Amanda Browder rules “CYCLONE”

June 24, 2008


The Emperor of Ice-Cream


Call the roller of big cigars,

The muscular one, and bid him whip

In kitchen cups concupiscent curds.

Let the wenches dawdle in such dress

As they are used to wear, and let the boys

Bring flowers in last month’s newspapers.

Let be be finale of seem.

The only emperor is the emperor of ice-cream.


Take from the dresser of deal,

Lacking the three glass knobs, that sheet

On which she embroidered fantails once

And spread it so as to cover her face.

If her horny feet protrude, they come

To show how cold she is, and dumb.

Let the lamp affix its beam.

The only emperor is the emperor of ice-cream.

Wallace Stevens


amanda browder rules



but we all know that, right? browder used to be a staple around these parts. It used to be that she lived in Chicago. Recently, she moved to New York. I saw her once in Chinatown—after playing video games at an ancient arcade, some friends and I trotted over to a bar where, allegedly, old Asian men play dice with the bartender. The drinks were supposed to be terrible, and expensive, the ambiance incorrigible: red low-lit room, drop-ceiling, Christmas lights and tinsel all over the place. It wasn’t Christmas, but visions of retired Triad members made it impossible to pass up.

            At any rate, Browder came to join us—a whirlwind of energy. She’s a tall, willowy woman, long brown hair, a little sadness in the eyes, what I believe provokes her wild exuberance. She’s a busy one, for sure—one of the original members of bad at sports (, plus art-making, stomping around to this or that art-related thing, and she’s an optician. When I saw her in New York she seemed to buzz with New Things. New Stories.


About The Show:

            The show she put up at the Green Lantern reflects that same kind of energy. An energy of calamity, disruption and excitement. There is a 12-foot “cyclone,” sewn by hand, it stretches from a cloud of cotton on the floor, to the ceiling. You can see the parody of the natural disaster from the window on passing trains. The fabric swatches  which comprise it feature small cats, near-transparent gold, polka-dot swatches and other brightly-colored fabrics.


            Much of Browder’s work appeals to this same aesthetic: there is a way in which she’ll re-interpret natural elements like fire, rocks and caves, using colorful and often vintage fabrics or quilts, sewing them up and stuffing them, transforming an intimidating imposition of Nature into an abstract visual poetry. In my mind it’s a way of personalizing a remote and austere power (Nature), over which humanity had no control, and in fact is diminished by. Browder humanizes these elements as Wallace Stevens might humanize death through the creation of a poem.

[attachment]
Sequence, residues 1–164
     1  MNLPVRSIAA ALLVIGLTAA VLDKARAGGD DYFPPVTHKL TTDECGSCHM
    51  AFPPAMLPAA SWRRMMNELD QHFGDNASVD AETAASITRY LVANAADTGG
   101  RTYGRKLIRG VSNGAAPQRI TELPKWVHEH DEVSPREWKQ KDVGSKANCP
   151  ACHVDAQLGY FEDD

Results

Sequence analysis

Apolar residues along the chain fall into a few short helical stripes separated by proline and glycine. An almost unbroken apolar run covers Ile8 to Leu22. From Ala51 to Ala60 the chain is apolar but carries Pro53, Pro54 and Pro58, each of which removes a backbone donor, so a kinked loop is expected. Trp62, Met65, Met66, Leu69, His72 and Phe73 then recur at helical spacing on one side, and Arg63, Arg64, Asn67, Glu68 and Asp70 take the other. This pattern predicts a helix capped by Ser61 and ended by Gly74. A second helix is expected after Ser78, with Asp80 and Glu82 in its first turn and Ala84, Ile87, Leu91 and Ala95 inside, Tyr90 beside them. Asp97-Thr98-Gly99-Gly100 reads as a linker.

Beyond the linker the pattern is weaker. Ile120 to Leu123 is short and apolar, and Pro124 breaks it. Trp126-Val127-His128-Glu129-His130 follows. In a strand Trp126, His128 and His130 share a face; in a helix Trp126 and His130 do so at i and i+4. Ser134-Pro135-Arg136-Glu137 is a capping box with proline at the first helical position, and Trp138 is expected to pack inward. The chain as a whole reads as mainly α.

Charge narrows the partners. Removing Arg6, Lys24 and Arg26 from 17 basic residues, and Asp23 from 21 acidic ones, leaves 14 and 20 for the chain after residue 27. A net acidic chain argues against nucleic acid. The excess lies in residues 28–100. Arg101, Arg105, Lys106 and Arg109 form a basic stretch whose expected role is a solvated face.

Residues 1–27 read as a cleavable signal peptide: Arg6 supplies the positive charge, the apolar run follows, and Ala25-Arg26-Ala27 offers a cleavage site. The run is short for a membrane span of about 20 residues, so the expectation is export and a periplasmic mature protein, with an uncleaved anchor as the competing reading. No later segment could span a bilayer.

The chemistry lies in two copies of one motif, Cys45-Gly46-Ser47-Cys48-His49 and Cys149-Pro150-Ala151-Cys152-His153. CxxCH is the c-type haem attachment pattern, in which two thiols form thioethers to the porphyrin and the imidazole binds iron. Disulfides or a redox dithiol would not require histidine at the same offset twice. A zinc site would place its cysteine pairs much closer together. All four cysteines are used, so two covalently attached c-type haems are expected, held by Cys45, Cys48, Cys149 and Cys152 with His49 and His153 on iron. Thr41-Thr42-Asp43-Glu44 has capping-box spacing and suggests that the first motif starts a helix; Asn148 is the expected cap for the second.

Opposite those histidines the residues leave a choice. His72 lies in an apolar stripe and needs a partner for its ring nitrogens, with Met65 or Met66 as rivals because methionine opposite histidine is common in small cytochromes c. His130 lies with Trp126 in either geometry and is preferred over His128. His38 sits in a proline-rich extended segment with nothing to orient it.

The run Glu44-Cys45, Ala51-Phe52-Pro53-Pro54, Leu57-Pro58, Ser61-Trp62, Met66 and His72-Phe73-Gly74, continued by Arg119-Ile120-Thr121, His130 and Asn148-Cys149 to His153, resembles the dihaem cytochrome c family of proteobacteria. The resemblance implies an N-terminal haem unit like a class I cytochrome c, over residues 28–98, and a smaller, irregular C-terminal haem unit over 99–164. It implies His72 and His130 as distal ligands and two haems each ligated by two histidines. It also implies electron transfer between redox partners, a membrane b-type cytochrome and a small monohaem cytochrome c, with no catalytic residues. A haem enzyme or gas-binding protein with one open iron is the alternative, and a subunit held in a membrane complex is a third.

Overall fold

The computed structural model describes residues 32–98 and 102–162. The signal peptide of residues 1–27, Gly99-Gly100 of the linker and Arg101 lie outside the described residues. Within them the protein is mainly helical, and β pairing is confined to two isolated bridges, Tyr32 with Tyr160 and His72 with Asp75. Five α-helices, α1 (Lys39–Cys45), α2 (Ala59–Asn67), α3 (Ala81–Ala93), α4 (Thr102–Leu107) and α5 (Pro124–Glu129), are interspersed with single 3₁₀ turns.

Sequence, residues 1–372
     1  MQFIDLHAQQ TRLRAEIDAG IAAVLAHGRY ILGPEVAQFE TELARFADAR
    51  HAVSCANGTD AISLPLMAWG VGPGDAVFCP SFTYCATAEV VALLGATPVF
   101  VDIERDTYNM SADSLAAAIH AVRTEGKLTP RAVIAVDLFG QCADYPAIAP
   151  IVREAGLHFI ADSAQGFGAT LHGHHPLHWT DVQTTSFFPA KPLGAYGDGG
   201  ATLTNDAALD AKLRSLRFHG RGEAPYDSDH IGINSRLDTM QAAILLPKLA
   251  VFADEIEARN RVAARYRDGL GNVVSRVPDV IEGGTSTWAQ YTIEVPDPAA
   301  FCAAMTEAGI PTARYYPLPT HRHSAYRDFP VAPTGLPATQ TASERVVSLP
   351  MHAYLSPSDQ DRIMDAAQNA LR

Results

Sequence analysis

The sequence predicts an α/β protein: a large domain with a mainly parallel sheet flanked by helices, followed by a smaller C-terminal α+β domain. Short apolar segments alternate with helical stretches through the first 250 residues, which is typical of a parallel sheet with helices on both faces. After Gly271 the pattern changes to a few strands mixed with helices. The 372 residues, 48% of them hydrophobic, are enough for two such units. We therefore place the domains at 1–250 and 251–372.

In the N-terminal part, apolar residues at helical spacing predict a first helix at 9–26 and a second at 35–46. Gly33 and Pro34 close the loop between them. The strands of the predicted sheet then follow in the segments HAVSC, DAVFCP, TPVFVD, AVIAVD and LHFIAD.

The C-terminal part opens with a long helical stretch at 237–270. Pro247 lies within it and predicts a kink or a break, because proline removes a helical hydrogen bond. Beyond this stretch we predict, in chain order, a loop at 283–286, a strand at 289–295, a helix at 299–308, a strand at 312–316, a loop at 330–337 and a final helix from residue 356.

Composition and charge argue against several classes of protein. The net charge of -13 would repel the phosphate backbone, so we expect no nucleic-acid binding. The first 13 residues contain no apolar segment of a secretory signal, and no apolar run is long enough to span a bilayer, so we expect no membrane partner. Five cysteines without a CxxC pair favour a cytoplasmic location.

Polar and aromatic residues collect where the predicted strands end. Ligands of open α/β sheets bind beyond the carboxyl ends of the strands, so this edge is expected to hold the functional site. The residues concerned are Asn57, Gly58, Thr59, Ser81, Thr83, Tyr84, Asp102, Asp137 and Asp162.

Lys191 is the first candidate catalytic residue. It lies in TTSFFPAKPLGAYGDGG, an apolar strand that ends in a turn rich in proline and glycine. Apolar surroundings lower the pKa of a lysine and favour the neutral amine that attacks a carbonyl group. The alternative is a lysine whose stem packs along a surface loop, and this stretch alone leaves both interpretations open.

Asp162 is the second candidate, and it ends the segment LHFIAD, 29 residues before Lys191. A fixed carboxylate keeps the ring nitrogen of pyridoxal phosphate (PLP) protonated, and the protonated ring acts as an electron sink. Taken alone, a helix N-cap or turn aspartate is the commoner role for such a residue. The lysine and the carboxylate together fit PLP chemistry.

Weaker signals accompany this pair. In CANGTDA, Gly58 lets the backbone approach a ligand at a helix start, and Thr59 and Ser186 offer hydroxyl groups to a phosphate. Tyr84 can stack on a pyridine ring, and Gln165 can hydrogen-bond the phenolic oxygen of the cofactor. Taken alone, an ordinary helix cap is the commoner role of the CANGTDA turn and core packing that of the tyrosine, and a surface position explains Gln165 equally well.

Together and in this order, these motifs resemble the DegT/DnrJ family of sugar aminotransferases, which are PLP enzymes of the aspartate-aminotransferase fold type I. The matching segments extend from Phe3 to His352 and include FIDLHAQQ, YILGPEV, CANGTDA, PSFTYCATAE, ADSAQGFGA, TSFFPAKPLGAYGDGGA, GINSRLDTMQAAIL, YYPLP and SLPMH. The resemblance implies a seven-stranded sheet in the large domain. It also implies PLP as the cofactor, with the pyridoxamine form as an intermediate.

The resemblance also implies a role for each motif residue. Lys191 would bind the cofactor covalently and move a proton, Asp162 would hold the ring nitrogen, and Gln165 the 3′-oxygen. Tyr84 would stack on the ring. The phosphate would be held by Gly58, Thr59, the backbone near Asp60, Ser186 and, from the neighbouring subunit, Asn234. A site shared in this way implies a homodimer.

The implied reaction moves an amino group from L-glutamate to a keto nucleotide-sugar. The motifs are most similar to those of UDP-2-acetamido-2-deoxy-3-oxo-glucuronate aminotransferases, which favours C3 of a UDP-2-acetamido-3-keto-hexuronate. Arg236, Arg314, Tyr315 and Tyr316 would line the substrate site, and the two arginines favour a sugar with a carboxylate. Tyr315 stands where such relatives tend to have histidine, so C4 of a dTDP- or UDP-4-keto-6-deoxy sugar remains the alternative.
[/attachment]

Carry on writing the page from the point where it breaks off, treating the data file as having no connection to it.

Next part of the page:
Additionally, “Cyclone” features a gorilla puking up ribbons.  Also: a painting of sewn canvas with a Viking ship on it and ribbons coming out of its helm and falling to the floor.  A small porcelain rabbit looks up at the ship, seemingly unaware of the gorilla staring at its back. The small white rabbit has a pink ribbon around its neck and behind the painting (the painting is leaning against the wall, not hanging), vinyl letters—some of which are neon—spell out “This Ship Has Sailed”.  The letters were cut from large sheets of vinyl material, and the negative of this—the remaining sheets—were re-configured, pasted one on top of the other on another wall, where the same phrase is reiterated: This Ship Has Sailed. In this second case, it is as if the letters have indeed abandoned their perch, leaving behind a message, like any note: Mom, I went to the grocery store.


            Finally, because it cannot be ignored, there is a lightening bolt. Hanging off the wall, black and yellow striped, it almost feels like a professional tie for the room. Transforms the wall into a go-getter.


About the Opening:

Before the opening, Duncan and Amanda interviewed Ed Marszewski and Rachel about Proximity Magazine. They were sitting at the kitchen table eating fried chicken while Young Joon and I bustled about with last minute details: printing out price lists, sweeping, touching up the walls.

            A baby appeared a half hour early, delivered by parents who wanted to see the show.

            “If you feel the fat on this thigh, you’ll want to have one,” the mother said, pinching the little thigh to demonstrate. People in the room drew in a circle around the little thing, looking at the baby’s leg like a curious fertility drug. A few dared the pinch themselves, but not many.